An Anglo-Saxon Epic Poem….

Leogere the Liar (Written December ?, 2011)

Leogere the Liar, no man more lithe than he
Few men know this legend that Silver Tongue will be
His family is forgotten, his legacy is lost
Yet smiles remain on Small One’s face, for fame comes at a cost
He started as a pick thief, a man of no renown
No sign shown through to warn, no mark of what he’d found
But as the days passed slowly, as moments slithered by
The Silver Tongue grew bolder, his trickery more sly
He started to tell tales, to test his growing skill
He fooled the rich and poor alike, pervasive was his will
The Fabler filled up his façade of tumbling circus boy
So well that none suspected, none saw his favorite toys
In his jerkin bright and bold, both clinking quietly
Two matching blades of silver bright that shines portentously
Soon he gathered hundreds and lined his coat by blade
But only those who fought their bite, who felt their conscious fade
Only these reluctant few were destined to e’re know
That grin upon the Fabler’s face was framed there just for show
One day when he was ready, his skill no longer sparse
Small One left to journey, not lacking any farce
He made a life by offering his skills to all who ask
By blade or tale he worked, tenacious with each task
But it came that soon his cover of meek one up for hire
Was found and with his stakes at risk, his situation dire
The once undaunted Liar was roused to leave his home
For danger of defeat, for desire held to roam
The Gibing Gambler came unfazed, he took the gauntlet cunningly
And set his foes a challenge, crafted surreptitiously
Sly Slitherer had watched, had waited carefully
‘Till war was fast upon the land, left weak for all to see
And with him gone far from home, it fell for lack of him
But Bright Eyed One was long gone, gallivanting on a whim
‘Till one day he saw the Thief, the Silver Handed man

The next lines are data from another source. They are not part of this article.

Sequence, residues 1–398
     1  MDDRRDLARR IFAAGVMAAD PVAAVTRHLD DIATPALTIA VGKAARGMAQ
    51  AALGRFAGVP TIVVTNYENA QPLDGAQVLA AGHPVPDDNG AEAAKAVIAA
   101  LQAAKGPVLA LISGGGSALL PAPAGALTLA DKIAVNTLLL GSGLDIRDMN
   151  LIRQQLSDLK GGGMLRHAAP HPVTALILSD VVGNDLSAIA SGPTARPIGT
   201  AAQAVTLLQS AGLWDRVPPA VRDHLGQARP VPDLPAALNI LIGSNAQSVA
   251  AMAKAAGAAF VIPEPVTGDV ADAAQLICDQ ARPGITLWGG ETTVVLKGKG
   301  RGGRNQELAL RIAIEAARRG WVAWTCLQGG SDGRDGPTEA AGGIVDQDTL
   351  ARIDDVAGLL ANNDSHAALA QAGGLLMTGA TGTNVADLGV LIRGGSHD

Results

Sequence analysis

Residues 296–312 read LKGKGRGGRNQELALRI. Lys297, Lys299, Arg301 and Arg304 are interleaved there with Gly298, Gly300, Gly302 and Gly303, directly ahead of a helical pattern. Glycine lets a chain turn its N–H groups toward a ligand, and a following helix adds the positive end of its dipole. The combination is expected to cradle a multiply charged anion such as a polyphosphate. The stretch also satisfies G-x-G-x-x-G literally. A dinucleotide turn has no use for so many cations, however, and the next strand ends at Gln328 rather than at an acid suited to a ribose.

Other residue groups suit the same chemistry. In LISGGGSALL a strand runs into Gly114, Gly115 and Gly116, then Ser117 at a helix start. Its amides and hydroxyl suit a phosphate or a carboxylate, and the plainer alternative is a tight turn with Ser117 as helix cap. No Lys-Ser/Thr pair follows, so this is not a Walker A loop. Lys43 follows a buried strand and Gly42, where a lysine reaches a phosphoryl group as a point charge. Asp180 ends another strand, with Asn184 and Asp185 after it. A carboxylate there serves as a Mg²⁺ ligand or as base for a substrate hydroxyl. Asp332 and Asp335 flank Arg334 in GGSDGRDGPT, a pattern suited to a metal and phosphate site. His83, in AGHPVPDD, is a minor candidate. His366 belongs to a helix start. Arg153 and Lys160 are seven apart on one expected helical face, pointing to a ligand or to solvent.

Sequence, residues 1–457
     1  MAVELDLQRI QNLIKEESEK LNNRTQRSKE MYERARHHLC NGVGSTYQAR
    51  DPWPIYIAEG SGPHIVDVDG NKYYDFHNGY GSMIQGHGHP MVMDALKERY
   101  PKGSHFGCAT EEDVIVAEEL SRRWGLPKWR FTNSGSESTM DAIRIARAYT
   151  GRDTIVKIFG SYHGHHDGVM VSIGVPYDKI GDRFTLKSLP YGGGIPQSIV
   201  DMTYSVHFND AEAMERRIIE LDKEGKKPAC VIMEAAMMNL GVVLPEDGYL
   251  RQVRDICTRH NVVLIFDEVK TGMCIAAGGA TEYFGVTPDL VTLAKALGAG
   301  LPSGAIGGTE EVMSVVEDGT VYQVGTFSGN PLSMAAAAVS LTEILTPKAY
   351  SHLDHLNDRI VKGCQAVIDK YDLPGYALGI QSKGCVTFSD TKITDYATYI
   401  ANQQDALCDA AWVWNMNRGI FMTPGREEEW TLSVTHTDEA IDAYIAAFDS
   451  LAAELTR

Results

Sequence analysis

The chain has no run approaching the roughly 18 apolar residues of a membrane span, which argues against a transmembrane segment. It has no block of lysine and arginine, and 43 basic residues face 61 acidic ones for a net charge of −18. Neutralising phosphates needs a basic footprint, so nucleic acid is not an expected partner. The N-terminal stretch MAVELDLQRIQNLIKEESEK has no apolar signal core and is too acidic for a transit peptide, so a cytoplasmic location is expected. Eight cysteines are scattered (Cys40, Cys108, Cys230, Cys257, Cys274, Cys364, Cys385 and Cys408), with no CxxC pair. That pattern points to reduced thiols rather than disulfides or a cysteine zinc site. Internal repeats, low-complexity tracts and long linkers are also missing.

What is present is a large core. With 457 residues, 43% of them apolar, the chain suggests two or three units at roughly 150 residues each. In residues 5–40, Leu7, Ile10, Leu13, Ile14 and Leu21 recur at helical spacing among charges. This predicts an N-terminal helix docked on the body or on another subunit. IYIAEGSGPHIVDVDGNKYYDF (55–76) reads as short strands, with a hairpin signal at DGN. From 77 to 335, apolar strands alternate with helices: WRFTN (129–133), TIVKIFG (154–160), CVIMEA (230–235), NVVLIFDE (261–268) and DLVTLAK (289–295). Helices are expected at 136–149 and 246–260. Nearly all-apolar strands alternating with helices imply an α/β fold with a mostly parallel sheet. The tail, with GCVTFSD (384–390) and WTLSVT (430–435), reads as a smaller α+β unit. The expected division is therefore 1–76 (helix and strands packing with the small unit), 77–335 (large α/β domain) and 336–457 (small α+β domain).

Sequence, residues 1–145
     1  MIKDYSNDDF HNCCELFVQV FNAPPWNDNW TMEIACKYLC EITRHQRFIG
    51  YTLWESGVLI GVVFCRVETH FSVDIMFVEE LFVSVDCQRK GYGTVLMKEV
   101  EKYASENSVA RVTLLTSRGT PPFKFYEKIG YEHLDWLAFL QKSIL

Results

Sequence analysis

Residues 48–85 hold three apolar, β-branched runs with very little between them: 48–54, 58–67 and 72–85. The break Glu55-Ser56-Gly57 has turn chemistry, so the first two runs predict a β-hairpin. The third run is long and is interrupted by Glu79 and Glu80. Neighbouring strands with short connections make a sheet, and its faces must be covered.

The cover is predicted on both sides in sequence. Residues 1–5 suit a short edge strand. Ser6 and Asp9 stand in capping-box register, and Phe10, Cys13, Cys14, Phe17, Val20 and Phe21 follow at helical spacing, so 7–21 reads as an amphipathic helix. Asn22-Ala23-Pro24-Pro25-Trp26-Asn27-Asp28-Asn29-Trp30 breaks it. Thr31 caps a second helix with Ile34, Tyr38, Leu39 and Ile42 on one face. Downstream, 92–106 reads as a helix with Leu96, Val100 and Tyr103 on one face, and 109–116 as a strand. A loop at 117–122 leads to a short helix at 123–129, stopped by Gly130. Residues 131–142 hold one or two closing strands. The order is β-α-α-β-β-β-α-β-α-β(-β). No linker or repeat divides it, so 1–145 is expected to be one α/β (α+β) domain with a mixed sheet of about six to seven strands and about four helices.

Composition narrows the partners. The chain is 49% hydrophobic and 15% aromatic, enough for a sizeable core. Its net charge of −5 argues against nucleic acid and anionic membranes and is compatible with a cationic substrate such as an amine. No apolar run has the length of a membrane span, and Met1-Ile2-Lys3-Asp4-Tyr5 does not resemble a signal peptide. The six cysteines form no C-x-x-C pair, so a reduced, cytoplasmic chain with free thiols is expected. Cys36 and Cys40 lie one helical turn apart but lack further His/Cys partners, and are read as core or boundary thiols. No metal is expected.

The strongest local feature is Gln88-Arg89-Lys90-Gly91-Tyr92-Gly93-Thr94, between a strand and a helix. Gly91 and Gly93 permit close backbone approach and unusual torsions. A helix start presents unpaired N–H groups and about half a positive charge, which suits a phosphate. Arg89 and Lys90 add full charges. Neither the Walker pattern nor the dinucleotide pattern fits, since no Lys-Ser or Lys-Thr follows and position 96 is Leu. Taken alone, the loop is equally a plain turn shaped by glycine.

Who convinced him to strike home, to save the falling land
Taken by the Thief’s charisma, chastened by his loyalty
The Small One swore allegiance and held it faithfully
And by his side he fought, in small surprising band
Full of the rejected, of those rebuked by once loved land
They conquered in their conquest, thus saved the land condemned
The once forsaken group of long outcasted men
And they were largely thanked, accepted then once more
Though still they all had paid, for what could be paid for
But Leogere the Liar disappeared that day
What succumbed the tumbler, no man can surely say
All knew he lost his fighting arm, on battle field fair
Yet even then he was not found, in neither ground nor air
The Fabler lived on they say, the whispers tumble ‘round
He’s out among us now, though nowhere to be found
Of course the Silver Tongue is watching silently
Hidden in plain sight where none will ever see
The smile remains upon his face, for now his fame is bought
And he had earned it well, so warily he’d fought
His face is now forgotten, but his words are slow to fade
As his tale of daring deed is ever slowly made
The Silver Tongue is lithe, near legendarily
As Leogere the Liar had planned that it should be.


So, anybody read Beowulf recently? In my ancient literature class, after reading Beowulf we were told to write our own Anglo-Saxon epic poem. Now, for this project we were supposed to figure out what that meant from what we had just read. I did a little bit more research, but I basically didn’t know anything about Anglo-Saxon poetry, so, if anybody happens to know anything, please let me know if I was anywhere near the proper ballpark for this. =P

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